Because LGBTQ Americans living in poverty often experience unacceptable homophobia and transphobia, many become homeless.

A majority of homeless LGBTQ people end up on the streets before they turn 18, and one in four is homeless before turning 16.

 

The People We Serve

Each year, thanks to generous donations, The Salvation Army serves more than 25 million Americans – or one person every second – from a variety of backgrounds. People who come to us for assistance will be served according to their need and our capacity to help – regardless of race, gender, ethnicity, or sexual orientation.

The People We Hire

The Salvation Army embraces employees of many different faiths and orientations. Our hiring practices are open to all, and we adhere to all relevant employment laws, providing domestic partner benefits accordingly.

The People Who Support Us

Many people - including those in the Lesbian, Gay, Bisexual, and Transgender (LGBT) community - support us with time and financial resources because of a common cause and commitment: To serve people in need.

 
 

Questions & Answers:
The LGBT Community & The Salvation Army


Does The Salvation Army serve the LGBTQ Community?
Yes. Any person who walks through our doors will receive assistance based on their need and our capacity to help. Our mission is to the preach the Gospel of Jesus Christ and meet human need in His name without discrimination.

Does The Salvation Army provide shelter to transgender people?
Yes. When a transgender person seeks help from us, we serve them in the same manner as any other person seeking assistance. Too often, LGBTQ Americans experience unacceptable homophobia or transphobia when seeking shelter. The Salvation Army seeks to be a welcome, safe place for all men, women, and children.

Does The Salvation Army consider the sexual orientation or gender identity of an applicant in its hiring practices?
No. We embrace talented people regardless of race, gender, ethnicity, sexual orientation or gender identity. Our hiring practices are open to all.

Does The Salvation Army provide benefits to the spouses of employees in same-sex marriages?
Yes. We provide the same benefits to opposite-sex and same-sex couples.

Does The Salvation Army interpret Biblical scripture to be anti-Homosexuality?
No. The Salvation Army has a theology of service. Our position on homosexuality recognizes that there is no scriptural support for demeaning or mistreating anyone for reason of their sexual orientation or gender identity.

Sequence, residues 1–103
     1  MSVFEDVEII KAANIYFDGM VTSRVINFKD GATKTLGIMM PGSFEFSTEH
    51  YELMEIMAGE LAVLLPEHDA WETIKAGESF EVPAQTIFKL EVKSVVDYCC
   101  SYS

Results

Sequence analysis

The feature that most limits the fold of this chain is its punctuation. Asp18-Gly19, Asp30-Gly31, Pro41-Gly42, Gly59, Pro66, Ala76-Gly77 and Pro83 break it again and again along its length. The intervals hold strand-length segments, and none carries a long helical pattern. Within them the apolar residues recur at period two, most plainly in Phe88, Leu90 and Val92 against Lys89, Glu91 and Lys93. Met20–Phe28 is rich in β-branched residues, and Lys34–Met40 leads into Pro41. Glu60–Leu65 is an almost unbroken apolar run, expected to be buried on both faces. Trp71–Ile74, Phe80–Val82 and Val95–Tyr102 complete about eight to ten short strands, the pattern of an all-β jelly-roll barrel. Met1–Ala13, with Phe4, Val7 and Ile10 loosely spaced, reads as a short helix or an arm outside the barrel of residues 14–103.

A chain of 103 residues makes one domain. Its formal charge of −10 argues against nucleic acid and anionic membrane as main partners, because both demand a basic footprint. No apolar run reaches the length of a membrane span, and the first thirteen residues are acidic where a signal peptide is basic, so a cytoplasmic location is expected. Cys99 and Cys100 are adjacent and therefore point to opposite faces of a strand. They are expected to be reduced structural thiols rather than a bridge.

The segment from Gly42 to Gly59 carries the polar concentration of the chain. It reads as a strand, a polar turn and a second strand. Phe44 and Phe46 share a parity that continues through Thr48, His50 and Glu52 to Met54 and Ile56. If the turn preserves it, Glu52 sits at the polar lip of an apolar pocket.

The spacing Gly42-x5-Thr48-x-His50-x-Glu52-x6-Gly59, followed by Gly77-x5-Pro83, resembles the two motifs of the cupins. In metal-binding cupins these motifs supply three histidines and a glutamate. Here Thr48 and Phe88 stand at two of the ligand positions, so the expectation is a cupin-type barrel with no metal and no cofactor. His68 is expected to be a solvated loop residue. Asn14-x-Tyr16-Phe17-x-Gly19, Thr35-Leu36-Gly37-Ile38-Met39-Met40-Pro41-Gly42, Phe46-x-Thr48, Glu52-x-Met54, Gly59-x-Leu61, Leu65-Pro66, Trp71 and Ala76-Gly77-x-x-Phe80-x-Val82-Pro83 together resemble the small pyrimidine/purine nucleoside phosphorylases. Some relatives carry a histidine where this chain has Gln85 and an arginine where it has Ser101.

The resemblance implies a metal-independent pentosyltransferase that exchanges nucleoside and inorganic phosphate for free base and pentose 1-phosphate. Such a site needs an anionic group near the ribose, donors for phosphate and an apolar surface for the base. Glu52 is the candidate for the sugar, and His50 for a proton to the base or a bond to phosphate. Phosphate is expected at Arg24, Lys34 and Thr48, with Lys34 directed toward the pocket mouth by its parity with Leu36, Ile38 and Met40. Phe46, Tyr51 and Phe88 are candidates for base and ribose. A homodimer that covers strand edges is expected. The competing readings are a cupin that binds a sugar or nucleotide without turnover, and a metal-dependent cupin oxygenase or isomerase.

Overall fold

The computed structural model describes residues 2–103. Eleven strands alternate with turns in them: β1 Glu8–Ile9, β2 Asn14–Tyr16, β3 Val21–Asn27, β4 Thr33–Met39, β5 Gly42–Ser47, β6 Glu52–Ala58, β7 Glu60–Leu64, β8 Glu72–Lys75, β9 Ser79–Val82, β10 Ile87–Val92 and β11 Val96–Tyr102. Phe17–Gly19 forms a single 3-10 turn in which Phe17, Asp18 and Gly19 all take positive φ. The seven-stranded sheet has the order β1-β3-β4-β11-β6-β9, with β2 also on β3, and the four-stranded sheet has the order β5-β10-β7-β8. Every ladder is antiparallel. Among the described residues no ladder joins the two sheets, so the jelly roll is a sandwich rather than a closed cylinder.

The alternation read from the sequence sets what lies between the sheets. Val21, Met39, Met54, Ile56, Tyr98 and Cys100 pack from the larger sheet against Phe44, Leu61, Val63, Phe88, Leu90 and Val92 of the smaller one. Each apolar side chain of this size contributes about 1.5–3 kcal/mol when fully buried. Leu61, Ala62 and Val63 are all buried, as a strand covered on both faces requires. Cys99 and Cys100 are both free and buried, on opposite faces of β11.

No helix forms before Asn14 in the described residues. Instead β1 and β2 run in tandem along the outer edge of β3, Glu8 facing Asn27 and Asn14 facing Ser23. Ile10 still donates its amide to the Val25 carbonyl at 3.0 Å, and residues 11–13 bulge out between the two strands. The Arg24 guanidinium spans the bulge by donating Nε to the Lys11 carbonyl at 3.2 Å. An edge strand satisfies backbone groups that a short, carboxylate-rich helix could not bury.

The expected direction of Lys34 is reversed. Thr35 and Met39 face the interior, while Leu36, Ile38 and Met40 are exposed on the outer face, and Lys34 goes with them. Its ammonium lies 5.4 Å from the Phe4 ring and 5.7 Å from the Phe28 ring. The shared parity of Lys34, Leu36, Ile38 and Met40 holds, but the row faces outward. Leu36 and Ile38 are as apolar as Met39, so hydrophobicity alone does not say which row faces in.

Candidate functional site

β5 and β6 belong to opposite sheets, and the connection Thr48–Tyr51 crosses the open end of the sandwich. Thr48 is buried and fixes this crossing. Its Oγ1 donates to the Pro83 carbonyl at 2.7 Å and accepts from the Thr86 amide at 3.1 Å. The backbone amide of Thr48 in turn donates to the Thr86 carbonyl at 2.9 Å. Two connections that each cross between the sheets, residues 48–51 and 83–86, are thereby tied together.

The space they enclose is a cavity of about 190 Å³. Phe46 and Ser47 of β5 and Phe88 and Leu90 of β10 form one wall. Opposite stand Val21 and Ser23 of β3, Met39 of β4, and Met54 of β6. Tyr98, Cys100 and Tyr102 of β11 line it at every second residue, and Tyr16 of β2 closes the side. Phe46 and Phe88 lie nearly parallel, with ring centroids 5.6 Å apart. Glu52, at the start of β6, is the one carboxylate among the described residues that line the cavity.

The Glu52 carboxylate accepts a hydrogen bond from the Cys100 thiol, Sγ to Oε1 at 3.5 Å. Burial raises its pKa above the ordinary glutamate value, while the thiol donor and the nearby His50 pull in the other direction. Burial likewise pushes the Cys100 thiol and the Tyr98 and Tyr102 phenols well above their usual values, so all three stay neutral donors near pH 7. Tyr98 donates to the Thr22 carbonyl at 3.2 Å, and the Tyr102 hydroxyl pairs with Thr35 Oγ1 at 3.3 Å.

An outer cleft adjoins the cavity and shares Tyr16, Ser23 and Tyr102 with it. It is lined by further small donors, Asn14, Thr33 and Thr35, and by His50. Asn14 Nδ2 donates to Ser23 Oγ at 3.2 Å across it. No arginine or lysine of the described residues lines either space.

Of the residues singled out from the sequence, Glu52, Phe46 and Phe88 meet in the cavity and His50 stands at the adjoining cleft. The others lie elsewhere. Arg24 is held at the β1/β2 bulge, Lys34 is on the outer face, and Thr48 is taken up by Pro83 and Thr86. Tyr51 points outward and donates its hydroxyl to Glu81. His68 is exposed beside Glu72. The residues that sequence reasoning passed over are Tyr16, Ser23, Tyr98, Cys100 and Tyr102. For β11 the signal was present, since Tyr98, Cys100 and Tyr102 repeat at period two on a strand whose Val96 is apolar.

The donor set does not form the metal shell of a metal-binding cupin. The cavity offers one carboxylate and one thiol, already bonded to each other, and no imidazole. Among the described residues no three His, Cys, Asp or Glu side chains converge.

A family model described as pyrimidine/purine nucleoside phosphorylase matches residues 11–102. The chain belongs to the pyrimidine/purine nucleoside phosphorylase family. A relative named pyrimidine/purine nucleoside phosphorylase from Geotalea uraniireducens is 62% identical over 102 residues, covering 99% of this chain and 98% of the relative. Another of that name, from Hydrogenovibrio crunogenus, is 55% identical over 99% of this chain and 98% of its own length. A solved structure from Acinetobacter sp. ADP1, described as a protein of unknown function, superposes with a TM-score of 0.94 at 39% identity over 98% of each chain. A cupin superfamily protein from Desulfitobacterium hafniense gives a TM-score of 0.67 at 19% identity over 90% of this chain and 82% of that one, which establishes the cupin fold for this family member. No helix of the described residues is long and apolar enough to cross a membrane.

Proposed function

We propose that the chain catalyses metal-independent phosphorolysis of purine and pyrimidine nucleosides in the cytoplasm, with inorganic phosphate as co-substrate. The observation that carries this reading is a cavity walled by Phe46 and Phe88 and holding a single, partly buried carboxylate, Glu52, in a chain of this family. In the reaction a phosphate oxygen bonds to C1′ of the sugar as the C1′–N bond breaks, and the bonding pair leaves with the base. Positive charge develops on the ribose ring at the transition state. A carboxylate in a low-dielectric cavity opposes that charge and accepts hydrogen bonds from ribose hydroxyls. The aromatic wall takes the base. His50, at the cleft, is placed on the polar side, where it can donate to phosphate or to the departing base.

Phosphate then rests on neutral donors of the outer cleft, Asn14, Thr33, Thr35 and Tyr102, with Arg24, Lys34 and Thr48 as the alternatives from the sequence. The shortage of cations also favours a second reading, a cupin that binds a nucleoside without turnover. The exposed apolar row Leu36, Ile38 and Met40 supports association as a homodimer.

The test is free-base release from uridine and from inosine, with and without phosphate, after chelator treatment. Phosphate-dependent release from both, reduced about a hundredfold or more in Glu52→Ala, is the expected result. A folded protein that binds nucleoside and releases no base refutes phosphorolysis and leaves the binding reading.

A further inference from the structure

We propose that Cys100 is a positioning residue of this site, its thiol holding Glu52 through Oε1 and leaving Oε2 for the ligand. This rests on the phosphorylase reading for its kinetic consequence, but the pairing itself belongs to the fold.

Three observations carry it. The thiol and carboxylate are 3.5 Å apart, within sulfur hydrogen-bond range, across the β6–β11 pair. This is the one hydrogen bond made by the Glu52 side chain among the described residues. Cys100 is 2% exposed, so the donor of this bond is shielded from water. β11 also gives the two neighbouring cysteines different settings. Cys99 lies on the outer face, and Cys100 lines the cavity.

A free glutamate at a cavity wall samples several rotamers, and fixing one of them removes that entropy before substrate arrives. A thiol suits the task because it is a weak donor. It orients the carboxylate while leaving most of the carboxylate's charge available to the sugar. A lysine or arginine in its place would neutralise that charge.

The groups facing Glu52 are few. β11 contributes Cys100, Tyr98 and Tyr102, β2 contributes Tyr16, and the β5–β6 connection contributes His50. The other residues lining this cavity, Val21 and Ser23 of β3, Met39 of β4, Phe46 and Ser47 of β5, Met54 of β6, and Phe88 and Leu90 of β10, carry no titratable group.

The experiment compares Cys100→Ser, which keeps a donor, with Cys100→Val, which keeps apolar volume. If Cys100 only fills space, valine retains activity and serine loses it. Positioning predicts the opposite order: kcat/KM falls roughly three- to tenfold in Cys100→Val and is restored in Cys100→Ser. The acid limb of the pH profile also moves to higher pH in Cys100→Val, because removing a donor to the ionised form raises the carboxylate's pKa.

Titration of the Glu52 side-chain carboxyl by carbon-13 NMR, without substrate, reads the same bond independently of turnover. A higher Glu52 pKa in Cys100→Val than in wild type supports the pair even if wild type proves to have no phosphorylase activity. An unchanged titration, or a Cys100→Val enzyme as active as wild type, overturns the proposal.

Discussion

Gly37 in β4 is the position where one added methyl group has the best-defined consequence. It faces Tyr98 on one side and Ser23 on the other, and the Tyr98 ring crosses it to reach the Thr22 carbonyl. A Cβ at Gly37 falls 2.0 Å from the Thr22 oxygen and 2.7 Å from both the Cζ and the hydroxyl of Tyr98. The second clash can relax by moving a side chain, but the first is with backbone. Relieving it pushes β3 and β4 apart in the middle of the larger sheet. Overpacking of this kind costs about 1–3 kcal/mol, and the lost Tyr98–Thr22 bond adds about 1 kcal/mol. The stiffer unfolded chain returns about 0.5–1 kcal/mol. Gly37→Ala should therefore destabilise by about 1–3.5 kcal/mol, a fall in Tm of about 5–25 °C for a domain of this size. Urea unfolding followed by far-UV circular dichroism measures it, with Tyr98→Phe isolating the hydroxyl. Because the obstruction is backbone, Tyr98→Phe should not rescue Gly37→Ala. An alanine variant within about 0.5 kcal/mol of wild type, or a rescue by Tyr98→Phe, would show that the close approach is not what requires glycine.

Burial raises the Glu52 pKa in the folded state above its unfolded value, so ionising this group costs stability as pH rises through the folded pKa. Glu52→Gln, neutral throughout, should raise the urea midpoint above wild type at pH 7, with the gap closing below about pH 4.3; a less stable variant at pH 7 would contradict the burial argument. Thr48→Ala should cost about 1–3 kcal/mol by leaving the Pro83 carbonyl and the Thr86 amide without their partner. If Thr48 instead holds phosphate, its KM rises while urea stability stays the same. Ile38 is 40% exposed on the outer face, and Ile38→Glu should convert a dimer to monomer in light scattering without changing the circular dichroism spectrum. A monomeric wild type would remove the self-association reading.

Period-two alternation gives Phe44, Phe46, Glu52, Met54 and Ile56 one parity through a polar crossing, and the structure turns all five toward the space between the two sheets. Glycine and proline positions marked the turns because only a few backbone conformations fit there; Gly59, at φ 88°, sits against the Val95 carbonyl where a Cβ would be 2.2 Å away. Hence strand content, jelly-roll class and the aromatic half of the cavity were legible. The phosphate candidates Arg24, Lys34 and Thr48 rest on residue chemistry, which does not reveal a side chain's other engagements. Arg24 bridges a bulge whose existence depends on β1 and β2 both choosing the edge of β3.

The Salvation Army is committed to serving the LGBTQ community through

Shelter

Almost one-third of transgender people have been rejected from an emergency shelter. The Salvation Army created a dorm in Las Vegas to offer safety and shelter to this group, which is statistically more vulnerable to assault.

Job Training

Despite progress toward hiring equality, LGBTQ Americans often lack access to educational resources, counseling services, and vocational training to help them obtain well-paying jobs. Our unique programs help individuals cultivate vital life skills needed for successful and stable careers.

Teenage Suicide

LGBTQ youth contemplate suicide at almost three times the rate of heterosexual youth. With a presence in every zip code in the nation, we're committed to providing spiritual and emotional care to those in need regardless of race, gender, ethnicity, sexual orientation or gender identity.

Food Insecurity

More than a quarter of LGBTQ Americans are food insecure and rely on the Supplemental Nutrition Assistance Program (SNAP). As one of the nation's largest providers of social services, we understand the importance of helping people maintain their dignity when looking for nutritious food by providing options.

Help with Substance Abuse

According to the Substance Abuse and Mental Health Services Administration, LGBTQ adults are more likely than their straight counterparts to abuse substances. The Salvation Army recognizes the need for all people, regardless of income, to have access to rehabilitation programs. Our LGBTQ-friendly programs provide housing, food, counseling, community, and employment as we work to treat the symptoms, and ultimately the root causes, of prolonged alcohol and drug dependence.


In the Media

U.S. News & World Report
A Place to Call Home


Transgender people face homelessness at a much higher rate than the general public. This shelter offers a safe place.
By Susan Milligan


 

Advocate
Salvation Army Insists It's On Our Side—Really


Those cheerful bell ringers who stand on sidewalks collecting cash and change in their kettles — are they and their 'army' secretly working against LGBT people?
By Dawn Ennis


 

Las Vegas Review-Journal
More Options in Las Vegas


Michael Sumling poses in the Safety Dorm for transgender individuals at The Salvation Army in Las Vegas. Photographed before getting his own transitional apartment on campus.
By Michael Lyle


 

Dispatch
The Salvation Army Denies It's Anti-Gay


Members of the lesbian, gay, bisexual, and transgender community benefit from The Salvation Army donations according to a video posted on the website.
By Rita Price


 

The Kansas City Star
The Salvation Army allows same-sex couples in its family shelters


Legally married same-sex couples won’t be allowed to stay together at City Union Mission.
By Eric Adler